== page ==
Various factors, such as annual earnings, growth rates, risk, assets, and liabilities, are considered when valuing a business. Owners' compensation is a key assumption; without it, you're not getting the true value of the business.
For example, let's say you're considering two different businesses, one with no earnings whatsoever and one with earnings of $300,000. Assuming comparable assets, liabilities, growth rates, and risk, the business with annual earnings of $300,000 looks like the smarter choice, right? But what about owners' compensation? If the owner with no earnings pays himself an annual salary of $500,000 while the other owner takes a modest salary of $70,000, the first business has the higher value.
However, owners' compensation is not always what it seems, making it important to dig deep to fully understand how, and how much, the they are compensated.
For example, when it comes to compensating themselves, business owners can generally pay themselves as they please. After all, they own the business. However, it's not as simple as looking at the owner's salary and factoring that figure into your business valuation.
Why? Depending on the legal structure of the business, owners may be paid a certain way in order to minimize taxes. For example:
Owners of C corporations may have higher than-expected salaries and bonuses in an attempt to minimize corporate taxes. This is because salaries and bonuses are tax deductible while dividends are not.
Owners of S corporations may have lower than-expected salaries with large "distributions" in an attempt to minimize payroll taxes. In this case, salaries are subject to employment taxes whereas distributions are not.
The net income of sole proprietors may appear lower than-expected due to business deductions that aren't necessary to run the business (such as a personal car purchase or golf outings).
Is it Reasonable?
When valuing a business, it's important to determine the reasonableness of owners' compensation. The IRS is aware of tax avoidance schemes and has a long history of challenging owners' compensation issues.
The strategies used in tax court can also be used to determine if owners' compensation is "reasonable."
Direct Test: A direct test compares owners' compensation to market databases which list the compensation ranges paid by title, industry, location, organization size, and other factors. Naturally, some analysis will be needed to conclude the appropriate compensation range because owners typically have many roles and responsibilities. For example, an owner may be simultaneously serving as the CEO, CFO, and sales account manager.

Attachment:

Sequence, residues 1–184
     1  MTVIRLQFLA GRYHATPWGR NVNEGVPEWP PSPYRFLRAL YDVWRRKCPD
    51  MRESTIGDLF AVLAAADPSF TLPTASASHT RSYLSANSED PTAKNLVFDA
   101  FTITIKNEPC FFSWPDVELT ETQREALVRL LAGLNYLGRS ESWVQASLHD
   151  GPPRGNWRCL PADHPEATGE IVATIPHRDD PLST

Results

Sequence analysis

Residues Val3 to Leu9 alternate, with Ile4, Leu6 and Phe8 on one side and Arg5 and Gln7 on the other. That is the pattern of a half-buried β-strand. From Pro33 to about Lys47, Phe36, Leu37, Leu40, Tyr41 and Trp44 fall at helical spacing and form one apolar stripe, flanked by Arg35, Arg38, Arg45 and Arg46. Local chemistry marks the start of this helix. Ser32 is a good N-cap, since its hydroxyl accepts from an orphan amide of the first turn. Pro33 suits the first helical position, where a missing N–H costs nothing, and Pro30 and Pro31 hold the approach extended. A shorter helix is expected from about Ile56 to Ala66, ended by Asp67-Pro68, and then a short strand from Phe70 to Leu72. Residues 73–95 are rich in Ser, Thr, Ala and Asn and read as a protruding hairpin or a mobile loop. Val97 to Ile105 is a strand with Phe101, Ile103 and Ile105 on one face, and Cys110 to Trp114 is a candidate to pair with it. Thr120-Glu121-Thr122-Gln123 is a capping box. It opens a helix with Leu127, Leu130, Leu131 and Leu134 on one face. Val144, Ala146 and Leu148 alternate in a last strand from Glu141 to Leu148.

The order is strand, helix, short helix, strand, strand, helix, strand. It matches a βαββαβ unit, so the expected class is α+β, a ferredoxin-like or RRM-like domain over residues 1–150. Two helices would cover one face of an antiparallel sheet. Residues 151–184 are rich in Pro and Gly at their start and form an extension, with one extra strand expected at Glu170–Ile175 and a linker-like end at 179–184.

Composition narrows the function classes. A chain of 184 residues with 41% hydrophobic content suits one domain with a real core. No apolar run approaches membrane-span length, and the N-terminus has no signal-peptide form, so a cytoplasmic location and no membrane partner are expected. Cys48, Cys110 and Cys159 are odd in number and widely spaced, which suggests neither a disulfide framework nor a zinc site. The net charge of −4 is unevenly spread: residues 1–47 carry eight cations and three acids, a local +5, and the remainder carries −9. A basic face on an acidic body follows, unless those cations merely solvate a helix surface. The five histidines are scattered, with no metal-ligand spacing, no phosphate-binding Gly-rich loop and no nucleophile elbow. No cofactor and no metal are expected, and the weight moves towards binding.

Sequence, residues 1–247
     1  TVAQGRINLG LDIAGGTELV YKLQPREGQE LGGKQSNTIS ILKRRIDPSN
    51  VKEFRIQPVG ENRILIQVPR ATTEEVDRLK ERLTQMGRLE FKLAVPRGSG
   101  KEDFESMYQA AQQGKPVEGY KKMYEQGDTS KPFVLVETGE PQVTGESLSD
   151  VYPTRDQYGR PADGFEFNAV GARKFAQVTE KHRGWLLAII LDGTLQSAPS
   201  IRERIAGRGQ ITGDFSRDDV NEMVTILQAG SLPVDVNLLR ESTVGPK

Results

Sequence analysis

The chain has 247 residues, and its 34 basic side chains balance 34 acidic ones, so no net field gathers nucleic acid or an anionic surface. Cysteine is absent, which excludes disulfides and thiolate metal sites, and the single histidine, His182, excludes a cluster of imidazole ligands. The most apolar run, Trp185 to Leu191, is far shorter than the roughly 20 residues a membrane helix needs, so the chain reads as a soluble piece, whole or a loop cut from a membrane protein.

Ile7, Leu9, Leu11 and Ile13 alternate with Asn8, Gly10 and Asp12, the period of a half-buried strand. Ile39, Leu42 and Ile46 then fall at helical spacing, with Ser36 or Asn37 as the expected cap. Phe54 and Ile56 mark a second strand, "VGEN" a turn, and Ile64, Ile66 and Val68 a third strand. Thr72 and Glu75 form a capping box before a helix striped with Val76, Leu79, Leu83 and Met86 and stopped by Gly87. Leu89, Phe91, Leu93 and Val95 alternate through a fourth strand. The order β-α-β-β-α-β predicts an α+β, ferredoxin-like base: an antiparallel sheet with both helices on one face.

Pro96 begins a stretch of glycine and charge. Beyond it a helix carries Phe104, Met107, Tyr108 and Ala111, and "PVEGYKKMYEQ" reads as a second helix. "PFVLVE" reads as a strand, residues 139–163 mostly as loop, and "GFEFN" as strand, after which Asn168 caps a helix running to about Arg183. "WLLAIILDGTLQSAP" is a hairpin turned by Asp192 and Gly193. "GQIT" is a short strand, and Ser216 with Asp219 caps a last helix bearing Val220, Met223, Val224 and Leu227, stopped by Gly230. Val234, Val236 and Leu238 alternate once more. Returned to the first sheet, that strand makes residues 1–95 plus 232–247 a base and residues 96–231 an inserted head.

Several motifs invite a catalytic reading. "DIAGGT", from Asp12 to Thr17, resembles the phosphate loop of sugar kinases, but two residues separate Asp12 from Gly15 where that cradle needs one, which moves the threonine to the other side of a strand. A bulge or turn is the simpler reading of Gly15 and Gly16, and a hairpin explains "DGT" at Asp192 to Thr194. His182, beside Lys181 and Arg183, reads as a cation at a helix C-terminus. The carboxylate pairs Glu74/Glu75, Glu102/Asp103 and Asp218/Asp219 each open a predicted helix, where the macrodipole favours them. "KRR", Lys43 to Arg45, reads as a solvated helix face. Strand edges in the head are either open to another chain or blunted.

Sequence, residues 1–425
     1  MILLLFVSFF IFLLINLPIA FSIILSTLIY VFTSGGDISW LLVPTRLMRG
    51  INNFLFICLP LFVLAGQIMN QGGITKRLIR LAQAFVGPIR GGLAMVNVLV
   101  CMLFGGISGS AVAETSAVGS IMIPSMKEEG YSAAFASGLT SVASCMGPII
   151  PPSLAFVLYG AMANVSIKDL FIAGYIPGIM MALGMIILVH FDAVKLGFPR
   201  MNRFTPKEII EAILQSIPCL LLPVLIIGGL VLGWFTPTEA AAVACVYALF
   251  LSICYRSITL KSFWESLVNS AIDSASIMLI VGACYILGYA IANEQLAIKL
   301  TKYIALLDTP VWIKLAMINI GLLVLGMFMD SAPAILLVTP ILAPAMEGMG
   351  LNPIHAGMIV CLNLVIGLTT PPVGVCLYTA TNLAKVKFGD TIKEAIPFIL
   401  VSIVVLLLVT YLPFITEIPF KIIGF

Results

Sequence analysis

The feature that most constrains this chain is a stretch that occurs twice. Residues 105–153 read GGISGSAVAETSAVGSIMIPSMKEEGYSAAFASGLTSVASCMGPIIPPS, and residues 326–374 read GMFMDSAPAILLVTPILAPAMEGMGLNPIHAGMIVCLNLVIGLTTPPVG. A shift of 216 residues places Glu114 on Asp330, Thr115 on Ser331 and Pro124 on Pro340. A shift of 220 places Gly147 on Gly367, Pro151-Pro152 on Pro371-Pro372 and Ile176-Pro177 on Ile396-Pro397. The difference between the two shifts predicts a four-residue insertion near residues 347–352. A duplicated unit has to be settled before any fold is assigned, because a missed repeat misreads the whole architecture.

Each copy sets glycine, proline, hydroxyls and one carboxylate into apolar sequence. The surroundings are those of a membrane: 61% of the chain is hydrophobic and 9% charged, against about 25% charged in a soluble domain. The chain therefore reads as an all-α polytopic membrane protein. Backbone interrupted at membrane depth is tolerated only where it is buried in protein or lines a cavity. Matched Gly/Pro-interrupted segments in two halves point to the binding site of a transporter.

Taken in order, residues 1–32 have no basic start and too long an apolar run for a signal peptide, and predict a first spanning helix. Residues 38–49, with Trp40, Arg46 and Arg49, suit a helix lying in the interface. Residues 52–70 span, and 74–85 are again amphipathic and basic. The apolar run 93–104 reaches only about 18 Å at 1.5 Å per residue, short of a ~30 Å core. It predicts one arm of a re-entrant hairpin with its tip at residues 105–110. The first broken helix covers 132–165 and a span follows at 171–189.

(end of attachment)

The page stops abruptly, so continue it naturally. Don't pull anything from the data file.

Market Ratio Test: Market ratios can also be used to gauge whether or not owners' compensation is reasonable. By examining the compensation, revenue, and/or earnings of comparable publicly traded companies, it's possible to calculate a compensation range for executives. The assumption here is that the market is comfortable with this range; thus, the compensation is considered reasonable by market standards.
Shareholder Return Test: Next, consider the company's shareholder return under the owner's leadership. Do the earnings generate above-market shareholder returns? Are these returns due to the owner's role in the company? If so, the compensation may be considered reasonable.
What about Family Members?
Moreover, in family-owned businesses, not only should you look at the owner's compensation, but the compensation of family members.
On one extreme, these individuals could have inflated salaries simply because the owner wants to spread the wealth. For instance, an owner might pay an adult child a salary of $150,000 for a basic bookkeeping position that would otherwise pay about $40,000. That extra compensation doesn't reflect the real world and artificially increases the business valuation.
On the other, family members, particularly spouses, often work in the business without pay. A new owner would likely need to pay someone to perform the equivalent work, so a replacement salary for an unpaid family member needs to be factored in.
When it comes to valuing a business, it's crucial to dig deep into owners' compensation so that you can determine an appropriate business valuation.
If it's a C corporation, consider the possibility that the owners might have inflated their salaries in order to limit corporate taxes.
If it's an S corporation, consider the possibility that the owners' salaries might be lower than expected to limit payroll taxes.
If it's a sole proprietorship, carefully examine business expenses to determine if they are necessary to running the business. If not, add their value back in.
Make sure to look at compensation levels for family members, too. Look for both unpaid and overpaid salaries.